Page:Biagi - The Centaurians.djvu/53

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The Centaurians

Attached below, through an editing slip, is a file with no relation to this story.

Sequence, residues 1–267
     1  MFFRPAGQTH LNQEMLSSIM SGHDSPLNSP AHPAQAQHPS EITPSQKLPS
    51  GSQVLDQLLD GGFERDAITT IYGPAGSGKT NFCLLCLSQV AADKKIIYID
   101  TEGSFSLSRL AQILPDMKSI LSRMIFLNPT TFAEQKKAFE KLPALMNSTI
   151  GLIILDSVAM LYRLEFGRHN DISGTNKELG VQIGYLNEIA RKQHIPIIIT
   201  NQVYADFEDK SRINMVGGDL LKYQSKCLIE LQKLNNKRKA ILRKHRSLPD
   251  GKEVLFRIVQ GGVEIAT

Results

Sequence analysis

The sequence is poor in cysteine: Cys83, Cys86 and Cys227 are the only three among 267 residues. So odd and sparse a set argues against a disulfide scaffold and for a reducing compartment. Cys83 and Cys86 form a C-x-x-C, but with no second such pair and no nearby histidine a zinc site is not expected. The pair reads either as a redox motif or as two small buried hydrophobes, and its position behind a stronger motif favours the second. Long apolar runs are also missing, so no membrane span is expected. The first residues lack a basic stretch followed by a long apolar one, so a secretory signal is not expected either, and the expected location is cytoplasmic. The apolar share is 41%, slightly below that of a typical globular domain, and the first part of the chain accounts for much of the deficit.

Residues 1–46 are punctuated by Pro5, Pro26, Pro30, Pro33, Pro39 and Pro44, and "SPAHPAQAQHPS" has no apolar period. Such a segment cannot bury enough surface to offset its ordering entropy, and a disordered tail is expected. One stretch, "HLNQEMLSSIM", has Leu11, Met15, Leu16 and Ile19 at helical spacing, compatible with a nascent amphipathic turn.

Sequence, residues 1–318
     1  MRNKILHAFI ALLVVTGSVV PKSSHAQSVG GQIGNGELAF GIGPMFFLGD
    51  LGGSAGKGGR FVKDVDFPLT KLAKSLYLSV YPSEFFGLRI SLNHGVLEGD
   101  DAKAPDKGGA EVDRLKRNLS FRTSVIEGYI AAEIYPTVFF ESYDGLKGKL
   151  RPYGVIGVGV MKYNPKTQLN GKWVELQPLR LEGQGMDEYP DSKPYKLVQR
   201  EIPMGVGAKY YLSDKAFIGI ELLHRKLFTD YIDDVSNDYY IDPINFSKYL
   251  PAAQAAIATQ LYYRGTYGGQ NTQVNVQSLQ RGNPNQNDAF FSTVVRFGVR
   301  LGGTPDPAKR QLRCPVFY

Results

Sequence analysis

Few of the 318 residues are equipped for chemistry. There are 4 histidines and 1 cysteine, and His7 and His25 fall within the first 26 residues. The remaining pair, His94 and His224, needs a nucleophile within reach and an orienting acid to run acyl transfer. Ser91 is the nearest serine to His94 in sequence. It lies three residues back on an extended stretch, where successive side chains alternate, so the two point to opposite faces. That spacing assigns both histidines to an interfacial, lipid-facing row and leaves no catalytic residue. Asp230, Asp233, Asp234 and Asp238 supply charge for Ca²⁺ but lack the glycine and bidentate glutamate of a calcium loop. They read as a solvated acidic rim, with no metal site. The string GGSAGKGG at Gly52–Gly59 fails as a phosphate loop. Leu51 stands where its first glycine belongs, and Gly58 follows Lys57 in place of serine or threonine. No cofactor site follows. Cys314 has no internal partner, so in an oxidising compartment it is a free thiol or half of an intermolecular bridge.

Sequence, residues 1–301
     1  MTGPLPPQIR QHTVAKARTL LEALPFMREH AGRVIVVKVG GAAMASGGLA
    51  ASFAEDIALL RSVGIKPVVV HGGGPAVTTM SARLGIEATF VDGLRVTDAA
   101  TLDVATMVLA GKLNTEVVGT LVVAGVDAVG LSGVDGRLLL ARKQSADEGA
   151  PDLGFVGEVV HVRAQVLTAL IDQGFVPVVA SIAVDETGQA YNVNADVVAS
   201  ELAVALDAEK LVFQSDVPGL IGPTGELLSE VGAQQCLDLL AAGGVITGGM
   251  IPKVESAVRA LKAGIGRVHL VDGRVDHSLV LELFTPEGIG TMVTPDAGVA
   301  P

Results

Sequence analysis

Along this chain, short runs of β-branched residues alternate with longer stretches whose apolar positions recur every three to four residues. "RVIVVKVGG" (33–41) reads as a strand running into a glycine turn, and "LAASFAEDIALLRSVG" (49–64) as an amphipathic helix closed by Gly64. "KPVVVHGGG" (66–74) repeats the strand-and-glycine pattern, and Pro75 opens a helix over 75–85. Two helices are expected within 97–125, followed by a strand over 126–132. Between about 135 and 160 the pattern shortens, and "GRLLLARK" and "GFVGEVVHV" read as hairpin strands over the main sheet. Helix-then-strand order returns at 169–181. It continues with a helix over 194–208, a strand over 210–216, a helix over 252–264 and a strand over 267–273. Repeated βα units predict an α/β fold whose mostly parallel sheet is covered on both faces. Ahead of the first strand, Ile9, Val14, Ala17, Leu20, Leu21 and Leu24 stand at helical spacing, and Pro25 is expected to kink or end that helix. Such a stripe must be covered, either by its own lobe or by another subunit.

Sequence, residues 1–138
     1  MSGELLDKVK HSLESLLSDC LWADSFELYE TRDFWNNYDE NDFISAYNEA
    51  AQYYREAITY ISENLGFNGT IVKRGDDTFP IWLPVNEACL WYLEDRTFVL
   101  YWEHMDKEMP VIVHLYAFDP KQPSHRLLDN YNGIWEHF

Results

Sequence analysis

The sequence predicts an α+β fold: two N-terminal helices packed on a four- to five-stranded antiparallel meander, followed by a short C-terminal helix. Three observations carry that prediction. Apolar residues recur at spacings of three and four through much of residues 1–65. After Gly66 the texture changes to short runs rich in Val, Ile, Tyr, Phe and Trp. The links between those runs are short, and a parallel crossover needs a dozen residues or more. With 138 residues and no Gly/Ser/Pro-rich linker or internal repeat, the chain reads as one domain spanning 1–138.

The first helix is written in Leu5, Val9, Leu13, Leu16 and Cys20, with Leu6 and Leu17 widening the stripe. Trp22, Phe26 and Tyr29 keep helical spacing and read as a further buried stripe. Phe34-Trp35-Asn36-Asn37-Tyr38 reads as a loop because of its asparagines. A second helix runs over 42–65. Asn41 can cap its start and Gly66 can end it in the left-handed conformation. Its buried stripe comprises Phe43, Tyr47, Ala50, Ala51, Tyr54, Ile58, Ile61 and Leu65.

less, and those obliged to be out in such a storm; then there was the sound of crashing timber and frightful shrieks roused me from my lethargy and I realized I would not be spared for all my riches. Violent gusts of wind shook the building. I feared the roof would cave in and crush me, yet calculated nicely just how long it would take for the expected to happen. I felt no alarm or discomfort at the destruction going on, but when too late realized peril in the awful roaring, fateful crash in my vicinity. The walls of my rooms fell apart, the ceiling rose and was carried away and I borne with frightful velocity upon the wind, tossed hither and thither; and this tornado with the strength of a hundred thousand giants had the gentleness of a lover. Upon a bed of soft, flaky clouds I finally floated in delicious tranquillity and gradually with exquisite tenderness I was lowered to a wonderful world of down. As far as the eye reached was a vast plain of fairy-land, dazzling in whiteness, maddening in silence, with a ridge of pale mountains gleaming blue, phantom-like. My flesh quivered with the cold, but I was powerless to move or cry out; and here in this great, icy throne, was I forced to sit and gaze at the desolate wilderness of snow, snow, snow; a vast, strange region, with dead, suffocating vapor clinging to my nostrils; dumb, a prey to fear and wonder. The roar and crash of the tornado; anything but this horrible stillness with the heavy dread enveloping me. I remained there forever, it seemed, but gradually my eyes became accustomed to the dull, leaden atmosphere, and I perceived far, far in